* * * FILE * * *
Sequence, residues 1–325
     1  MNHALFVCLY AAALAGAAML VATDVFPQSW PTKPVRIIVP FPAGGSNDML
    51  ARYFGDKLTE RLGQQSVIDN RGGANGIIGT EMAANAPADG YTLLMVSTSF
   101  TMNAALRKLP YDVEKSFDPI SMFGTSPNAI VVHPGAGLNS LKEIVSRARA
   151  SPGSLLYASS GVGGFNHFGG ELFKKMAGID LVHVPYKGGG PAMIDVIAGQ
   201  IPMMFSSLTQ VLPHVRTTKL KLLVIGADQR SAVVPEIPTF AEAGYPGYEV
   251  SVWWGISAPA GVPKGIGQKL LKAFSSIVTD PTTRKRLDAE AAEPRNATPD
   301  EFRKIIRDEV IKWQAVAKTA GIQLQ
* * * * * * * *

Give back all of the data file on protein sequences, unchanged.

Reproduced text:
Sequence, residues 1–325
     1  MNHALFVCLY AAALAGAAML VATDVFPQSW PTKPVRIIVP FPAGGSNDML
    51  ARYFGDKLTE RLGQQSVIDN RGGANGIIGT EMAANAPADG YTLLMVSTSF
   101  TMNAALRKLP YDVEKSFDPI SMFGTSPNAI VVHPGAGLNS LKEIVSRARA
   151  SPGSLLYASS GVGGFNHFGG ELFKKMAGID LVHVPYKGGG PAMIDVIAGQ
   201  IPMMFSSLTQ VLPHVRTTKL KLLVIGADQR SAVVPEIPTF AEAGYPGYEV
   251  SVWWGISAPA GVPKGIGQKL LKAFSSIVTD PTTRKRLDAE AAEPRNATPD
   301  EFRKIIRDEV IKWQAVAKTA GIQLQ